2. Is it not marked?
   A. Many companies do not mark there items. Sometimes marked items appear from time to time that almost always turn out to be copies of the original.
   B. I deal in items made by companies that used stickers during the 60's, 70's and 80's. Since many are kitchen items its common for the stickers to come off. Seeing items marked with different stickers that do not look original to the item or show the same amount of wear. Commonly these stickers come on the markets and unrepeatable dealers always seem to come across them. So they run around putting stickers from a good manufacturer or a junk item that cost 1/4 the price.

3. Does it look legit?
   A. Lots of items can be cast again or have molds made from originals that can create very good looking copies. Cast iron pieces are commonly recast so much that it is unlikely you have seen an original cast iron bank from the 1900. Many were made over again in the 20, 40, 50, 60 all the way through today. They flood the market with poorly cast repos that look to be old but in fact the really nice ones are usually real the old and more poorly they fit the newer they usually are.
   B. These are products that are close but something is not right ears or nose if bigger or pants the wrong color. This is common with character pieces where they are popular and knockoffs are cheaply made from pictures or from finished product.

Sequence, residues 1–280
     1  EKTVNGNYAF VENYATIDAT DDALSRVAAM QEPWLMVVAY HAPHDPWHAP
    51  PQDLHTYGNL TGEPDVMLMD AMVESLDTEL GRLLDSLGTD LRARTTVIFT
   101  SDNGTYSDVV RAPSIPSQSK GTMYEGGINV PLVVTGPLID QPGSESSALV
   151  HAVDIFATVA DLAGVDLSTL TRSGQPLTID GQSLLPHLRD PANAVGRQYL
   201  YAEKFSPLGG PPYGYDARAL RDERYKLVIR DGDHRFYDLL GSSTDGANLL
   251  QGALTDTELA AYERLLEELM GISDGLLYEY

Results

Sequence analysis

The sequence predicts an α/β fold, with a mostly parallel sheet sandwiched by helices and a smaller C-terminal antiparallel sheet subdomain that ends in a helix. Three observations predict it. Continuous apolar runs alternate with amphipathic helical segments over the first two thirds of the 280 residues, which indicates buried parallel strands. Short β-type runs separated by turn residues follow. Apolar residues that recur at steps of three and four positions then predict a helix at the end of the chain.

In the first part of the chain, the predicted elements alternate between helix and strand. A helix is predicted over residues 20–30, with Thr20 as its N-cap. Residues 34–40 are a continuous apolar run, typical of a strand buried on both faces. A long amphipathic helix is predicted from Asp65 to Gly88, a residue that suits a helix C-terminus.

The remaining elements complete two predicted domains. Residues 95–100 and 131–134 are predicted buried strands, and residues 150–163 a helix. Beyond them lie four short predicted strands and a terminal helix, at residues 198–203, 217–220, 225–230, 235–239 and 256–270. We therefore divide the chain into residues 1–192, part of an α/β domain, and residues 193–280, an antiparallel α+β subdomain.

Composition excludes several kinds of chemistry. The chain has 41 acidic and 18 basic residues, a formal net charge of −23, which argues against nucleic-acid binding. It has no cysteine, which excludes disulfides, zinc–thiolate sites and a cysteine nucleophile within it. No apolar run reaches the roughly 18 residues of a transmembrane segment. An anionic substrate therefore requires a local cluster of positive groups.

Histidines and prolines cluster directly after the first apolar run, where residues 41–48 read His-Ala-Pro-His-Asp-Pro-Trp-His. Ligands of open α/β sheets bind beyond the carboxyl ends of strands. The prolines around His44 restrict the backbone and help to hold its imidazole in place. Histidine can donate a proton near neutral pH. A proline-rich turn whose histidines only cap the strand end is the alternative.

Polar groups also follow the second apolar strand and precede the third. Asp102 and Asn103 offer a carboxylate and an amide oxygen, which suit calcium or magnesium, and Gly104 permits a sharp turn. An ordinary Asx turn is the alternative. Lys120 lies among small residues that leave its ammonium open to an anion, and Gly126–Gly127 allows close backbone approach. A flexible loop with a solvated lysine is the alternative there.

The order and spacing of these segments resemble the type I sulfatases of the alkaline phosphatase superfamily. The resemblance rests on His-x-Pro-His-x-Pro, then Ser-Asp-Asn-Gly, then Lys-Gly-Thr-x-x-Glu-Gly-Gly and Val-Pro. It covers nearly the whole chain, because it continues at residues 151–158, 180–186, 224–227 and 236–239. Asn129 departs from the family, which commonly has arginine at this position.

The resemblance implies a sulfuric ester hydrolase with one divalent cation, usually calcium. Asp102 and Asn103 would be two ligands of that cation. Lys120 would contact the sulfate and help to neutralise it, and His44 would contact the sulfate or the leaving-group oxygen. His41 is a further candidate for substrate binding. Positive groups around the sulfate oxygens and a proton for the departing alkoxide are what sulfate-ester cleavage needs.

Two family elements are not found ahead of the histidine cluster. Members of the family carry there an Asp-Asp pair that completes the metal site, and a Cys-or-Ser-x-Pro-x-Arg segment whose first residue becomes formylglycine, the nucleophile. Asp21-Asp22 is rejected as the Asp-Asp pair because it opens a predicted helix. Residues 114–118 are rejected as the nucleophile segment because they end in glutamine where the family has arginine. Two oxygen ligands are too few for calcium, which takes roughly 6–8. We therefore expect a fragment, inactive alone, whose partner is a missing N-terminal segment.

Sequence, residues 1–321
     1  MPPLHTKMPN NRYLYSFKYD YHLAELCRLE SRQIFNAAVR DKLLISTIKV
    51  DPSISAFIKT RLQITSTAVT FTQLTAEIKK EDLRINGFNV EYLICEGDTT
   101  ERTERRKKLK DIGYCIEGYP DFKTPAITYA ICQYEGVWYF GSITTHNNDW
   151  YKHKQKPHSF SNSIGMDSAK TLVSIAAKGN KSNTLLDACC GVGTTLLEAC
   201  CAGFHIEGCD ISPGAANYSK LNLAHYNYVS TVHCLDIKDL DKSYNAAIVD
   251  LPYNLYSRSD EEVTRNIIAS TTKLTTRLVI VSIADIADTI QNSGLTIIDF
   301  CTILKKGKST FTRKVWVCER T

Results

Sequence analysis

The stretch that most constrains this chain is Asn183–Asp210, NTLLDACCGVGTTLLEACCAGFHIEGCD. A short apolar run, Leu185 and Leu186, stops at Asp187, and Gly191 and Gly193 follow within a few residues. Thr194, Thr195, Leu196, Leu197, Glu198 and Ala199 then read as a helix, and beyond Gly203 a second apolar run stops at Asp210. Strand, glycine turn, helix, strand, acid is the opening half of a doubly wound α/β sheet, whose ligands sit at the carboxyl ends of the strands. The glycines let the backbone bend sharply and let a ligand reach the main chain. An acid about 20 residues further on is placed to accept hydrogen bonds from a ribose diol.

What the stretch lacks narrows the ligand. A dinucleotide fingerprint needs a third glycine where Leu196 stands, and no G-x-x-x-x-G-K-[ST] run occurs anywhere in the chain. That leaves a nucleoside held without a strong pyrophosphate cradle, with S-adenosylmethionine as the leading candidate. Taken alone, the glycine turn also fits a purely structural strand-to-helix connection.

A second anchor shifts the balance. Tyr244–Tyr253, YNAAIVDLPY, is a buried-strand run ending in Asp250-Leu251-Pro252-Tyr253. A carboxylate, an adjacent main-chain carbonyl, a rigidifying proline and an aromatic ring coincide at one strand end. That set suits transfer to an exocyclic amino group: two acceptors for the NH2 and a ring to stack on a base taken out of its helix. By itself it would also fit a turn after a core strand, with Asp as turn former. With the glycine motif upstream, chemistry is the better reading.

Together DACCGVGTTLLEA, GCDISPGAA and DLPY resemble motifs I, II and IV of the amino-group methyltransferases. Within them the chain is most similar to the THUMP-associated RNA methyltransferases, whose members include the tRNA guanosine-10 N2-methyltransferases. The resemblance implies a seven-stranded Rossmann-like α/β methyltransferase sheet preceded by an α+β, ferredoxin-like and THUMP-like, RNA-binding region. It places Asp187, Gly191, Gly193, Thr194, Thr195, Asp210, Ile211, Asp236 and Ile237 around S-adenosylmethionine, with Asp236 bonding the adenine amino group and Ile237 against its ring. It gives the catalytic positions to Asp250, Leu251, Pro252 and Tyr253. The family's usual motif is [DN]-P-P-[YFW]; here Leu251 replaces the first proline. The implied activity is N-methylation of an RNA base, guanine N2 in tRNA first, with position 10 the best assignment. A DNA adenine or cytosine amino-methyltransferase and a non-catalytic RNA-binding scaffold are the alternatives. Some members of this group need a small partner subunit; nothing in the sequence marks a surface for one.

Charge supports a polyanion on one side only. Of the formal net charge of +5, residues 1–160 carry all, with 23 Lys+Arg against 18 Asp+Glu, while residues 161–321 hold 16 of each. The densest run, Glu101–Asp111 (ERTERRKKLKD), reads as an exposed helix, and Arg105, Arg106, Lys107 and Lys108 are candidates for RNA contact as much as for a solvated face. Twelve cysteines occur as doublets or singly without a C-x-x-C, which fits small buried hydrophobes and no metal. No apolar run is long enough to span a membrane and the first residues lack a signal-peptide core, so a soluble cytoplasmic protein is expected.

4. Do you trust the person selling it to you?
   A. This is a big one. As the price of a purchase goes up the diligence for finding a safe and secure dealer is very important. For a 10 dollar item sometimes taking a good look at it is all that is needed. But for something that cost 15 thousand dollars you had better make sure its legit and the person selling it is trustworthy.
   B. Is the person selling it recommended by the manufacturer. This is very important on the price. Easy way to say this is car from a car dealer with 25 miles on it is full price with a few dollars off. If you got the same car from a private seller with 25 miles on it you would want 5K or even 10K less than the original sticker price. The same is even more true with items that have no date of manufacturer or any way of showing how much it was used. Cars at least you know its got 25 miles its almost new. But that same car could have been driving many miles in a very short time. The same holds true for most things.
  C. When your decision of purchase rest in the hands of the person selling it to you. You have no choice but to trust them and your own research. In these instances you want a trusting and open relationship with your dealer. Without this in place your purchase will be much less secure.

If you wish you can always make a post to our forum and we can help you find out if its fake or reproduction.
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« Last Edit: August 26, 2013, 02:32:37 PM by »